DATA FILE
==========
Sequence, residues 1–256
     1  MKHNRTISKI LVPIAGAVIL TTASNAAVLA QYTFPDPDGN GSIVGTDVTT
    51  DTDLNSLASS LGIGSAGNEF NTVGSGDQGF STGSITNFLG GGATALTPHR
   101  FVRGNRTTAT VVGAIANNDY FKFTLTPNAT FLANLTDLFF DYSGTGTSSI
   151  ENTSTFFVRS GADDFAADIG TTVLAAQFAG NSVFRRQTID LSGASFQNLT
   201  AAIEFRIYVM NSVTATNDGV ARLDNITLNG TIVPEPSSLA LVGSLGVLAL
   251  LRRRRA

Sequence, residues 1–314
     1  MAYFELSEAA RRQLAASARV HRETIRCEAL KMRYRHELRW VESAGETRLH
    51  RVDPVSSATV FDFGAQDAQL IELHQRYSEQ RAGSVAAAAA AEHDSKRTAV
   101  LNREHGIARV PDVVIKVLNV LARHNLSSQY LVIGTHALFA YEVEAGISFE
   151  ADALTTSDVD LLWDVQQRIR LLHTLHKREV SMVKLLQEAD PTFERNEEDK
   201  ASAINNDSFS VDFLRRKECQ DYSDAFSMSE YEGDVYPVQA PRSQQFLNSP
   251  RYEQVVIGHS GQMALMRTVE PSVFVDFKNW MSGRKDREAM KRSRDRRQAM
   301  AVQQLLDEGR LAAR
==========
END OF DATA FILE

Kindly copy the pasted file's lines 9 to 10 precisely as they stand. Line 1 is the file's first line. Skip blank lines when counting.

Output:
     1  MAYFELSEAA RRQLAASARV HRETIRCEAL KMRYRHELRW VESAGETRLH
    51  RVDPVSSATV FDFGAQDAQL IELHQRYSEQ RAGSVAAAAA AEHDSKRTAV